Lockwood meets a young girl named Kathy Seldon (Debbie Reynolds), who refuses to fall victim to his Hollywood charm but eventually learns to love the guy after he gets her out of a tight squeeze or two.
Meanwhile, Lockwood's pal, Cosmo (O'Connor), suggests that they start to stage film musicals instead of feature "talkies" -- that way, all Lockwood needs to do is sing and dance, something he already excels at. ("Make a musical! The new Don Lockwood: he yodels! He jumps about to music!")
But people want Lockwood and Lamont, not Lockwood by himself, and the prospect of losing money is not a bright prospect for the film company. So Lina is filmed in the musicals with him, and towards the end of our film, sweet young Kathy dubs over Lina's voice and is given no credit for the task. Lamont is too embarrassed to admit that she can't sing, and so she blackmails the film distributor -- if they credit Kathy at the end of her new feature film, she'll take legal action.
And so comes the climatic finale on stage as Lockwood reveals the true singer behind the film (ironic, since it was Lamont herself who dubbed over Reynolds' voice during the sequence). As Roger Ebert noted, the scene where Lockwood bursts onto stage and fingers out Kathy from the crowd of onlookers is corny, but it's sweet and exactly the time of emotionally uplifting moment that is rarely made nowadays.
Gene Kelly's notorious cruelty on the set of "Singin' in the Rain" has become a sort of folklore, and it's true. He berated the actors if they messed up a single dance number. O'Connor later admitted that he was extremely frightened to make a single mistake, afraid that Kelly would lash out at him.
That strictness doesn't shine through Kelly's character in "Singin' in the Rain." In fact, many of the dance moves (such as the frantic splashing in the puddles) look quite haphazard, but they were all choreographed to an extreme.
Is that why the film is highly regarded as perhaps the definitive American musical? That probably has something to do with it. I think it's mostly the joy of it all, though -- bright, cheery, happy, and uplifting, the film is one of the most purely fun films of all time. It doesn't demand anything like some films, but it gives a lot back.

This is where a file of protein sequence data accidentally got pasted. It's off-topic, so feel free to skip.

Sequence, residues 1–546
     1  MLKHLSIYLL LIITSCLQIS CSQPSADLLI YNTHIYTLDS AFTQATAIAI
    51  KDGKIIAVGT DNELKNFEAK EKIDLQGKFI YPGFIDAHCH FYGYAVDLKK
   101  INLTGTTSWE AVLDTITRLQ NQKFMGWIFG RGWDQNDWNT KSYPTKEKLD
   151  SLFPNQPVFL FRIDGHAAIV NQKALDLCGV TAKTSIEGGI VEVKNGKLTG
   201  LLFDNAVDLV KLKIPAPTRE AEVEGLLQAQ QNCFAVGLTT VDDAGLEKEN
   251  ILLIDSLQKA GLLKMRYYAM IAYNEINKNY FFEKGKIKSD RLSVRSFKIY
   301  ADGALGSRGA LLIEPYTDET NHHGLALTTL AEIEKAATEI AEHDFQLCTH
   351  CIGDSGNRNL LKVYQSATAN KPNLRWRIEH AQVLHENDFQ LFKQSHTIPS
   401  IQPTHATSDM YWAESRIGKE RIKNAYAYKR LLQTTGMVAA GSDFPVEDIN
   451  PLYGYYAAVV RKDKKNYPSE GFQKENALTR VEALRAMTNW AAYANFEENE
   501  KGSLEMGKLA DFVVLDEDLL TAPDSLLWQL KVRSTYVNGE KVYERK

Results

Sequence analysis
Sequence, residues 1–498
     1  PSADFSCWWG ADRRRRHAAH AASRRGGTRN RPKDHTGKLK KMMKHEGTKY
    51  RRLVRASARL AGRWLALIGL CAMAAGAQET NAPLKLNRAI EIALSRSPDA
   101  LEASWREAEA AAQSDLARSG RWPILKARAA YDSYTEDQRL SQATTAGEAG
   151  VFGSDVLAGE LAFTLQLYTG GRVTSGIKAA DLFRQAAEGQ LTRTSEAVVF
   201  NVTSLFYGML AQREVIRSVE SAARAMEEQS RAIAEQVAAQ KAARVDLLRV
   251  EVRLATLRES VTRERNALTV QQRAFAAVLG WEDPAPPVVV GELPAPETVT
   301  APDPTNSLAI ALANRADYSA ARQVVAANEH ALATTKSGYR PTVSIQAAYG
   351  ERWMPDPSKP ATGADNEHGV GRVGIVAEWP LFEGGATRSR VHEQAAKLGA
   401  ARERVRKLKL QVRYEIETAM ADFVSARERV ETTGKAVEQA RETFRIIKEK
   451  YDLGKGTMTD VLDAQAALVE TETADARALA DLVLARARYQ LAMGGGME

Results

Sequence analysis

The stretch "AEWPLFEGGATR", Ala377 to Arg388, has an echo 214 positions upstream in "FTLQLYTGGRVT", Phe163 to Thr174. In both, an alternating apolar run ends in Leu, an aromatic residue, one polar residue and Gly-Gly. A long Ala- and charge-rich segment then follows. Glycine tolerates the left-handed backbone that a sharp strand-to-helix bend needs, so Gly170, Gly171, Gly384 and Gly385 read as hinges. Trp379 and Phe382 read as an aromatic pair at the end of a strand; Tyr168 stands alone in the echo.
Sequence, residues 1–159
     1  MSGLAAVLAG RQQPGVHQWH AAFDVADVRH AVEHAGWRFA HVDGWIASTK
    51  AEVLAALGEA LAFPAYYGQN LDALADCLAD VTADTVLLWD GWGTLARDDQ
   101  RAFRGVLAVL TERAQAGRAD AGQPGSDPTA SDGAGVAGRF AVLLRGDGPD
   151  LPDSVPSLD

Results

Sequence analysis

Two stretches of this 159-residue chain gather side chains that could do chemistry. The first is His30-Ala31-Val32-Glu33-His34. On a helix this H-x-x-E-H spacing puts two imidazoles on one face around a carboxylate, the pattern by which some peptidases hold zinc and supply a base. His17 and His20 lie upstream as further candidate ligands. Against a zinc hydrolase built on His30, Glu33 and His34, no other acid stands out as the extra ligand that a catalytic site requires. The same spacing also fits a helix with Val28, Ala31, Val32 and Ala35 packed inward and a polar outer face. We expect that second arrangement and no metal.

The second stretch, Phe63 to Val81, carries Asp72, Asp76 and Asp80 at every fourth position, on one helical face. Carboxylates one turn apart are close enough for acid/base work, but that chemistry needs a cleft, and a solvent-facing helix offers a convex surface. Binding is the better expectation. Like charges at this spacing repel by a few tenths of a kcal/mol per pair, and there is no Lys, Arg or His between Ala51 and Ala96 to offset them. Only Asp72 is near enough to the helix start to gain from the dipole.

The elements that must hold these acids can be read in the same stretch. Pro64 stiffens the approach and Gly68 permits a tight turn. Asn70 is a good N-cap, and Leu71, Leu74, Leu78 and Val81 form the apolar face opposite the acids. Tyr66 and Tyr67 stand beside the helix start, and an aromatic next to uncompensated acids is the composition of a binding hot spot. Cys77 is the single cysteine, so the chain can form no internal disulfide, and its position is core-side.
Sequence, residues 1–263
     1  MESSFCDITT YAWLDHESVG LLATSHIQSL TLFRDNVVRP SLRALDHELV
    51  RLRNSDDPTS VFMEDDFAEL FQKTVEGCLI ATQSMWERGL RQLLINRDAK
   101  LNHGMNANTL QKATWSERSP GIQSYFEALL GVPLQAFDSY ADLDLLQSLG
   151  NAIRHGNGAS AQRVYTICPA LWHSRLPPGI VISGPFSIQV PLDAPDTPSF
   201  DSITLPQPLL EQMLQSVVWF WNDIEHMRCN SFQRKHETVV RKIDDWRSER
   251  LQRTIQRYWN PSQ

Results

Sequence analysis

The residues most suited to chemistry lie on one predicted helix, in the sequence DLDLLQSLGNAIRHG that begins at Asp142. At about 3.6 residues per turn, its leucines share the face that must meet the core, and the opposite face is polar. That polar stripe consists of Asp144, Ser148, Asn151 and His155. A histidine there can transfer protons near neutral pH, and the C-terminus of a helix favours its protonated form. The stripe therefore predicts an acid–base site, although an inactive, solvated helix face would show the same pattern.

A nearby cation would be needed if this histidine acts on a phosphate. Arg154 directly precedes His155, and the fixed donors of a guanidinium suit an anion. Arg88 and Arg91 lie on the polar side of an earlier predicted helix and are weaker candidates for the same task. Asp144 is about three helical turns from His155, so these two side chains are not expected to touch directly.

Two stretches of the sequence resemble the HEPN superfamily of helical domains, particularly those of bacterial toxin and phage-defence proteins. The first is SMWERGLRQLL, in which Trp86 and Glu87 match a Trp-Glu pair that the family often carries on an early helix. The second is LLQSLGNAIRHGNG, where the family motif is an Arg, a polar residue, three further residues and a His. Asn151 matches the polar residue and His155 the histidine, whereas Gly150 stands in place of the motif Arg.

Once again, I make a note that the plot is far better than some critics give it credit for. It's a great satire of the transition from silent films to "talkies" -- I loved the sequence involving a film director desperately trying to get Lina's voice to pick up on a visible microphone on state. Indeed, at the dawn of these so-called "talkies," microphones were often visible placed near the actors. It's this kind of stuff that makes the film not only a fun musical, but a funny one, too.
Debbie Reynolds, 19 at the time, is one determined trooper in this film. Watch her try to keep up with the veteran Kelly and expert O'Connor. Whereas the casting in some musicals can harm the film ("White Christmas" never had great female co-stars, to be honest), "Singin' in the Rain" is soundly cast and perfectly constructed. There's no wonder why it's the great musical it is today.
The ads for "Singin' in the Rain" promised a glorious feeling, and in that way the film lives up to its slogan. It is fun and bright and glorious and entertaining. It doesn't take itself seriously, but it offers the viewer a chance to experience something quite rare -- an all-around great movie.
What a glorious feeling, indeed.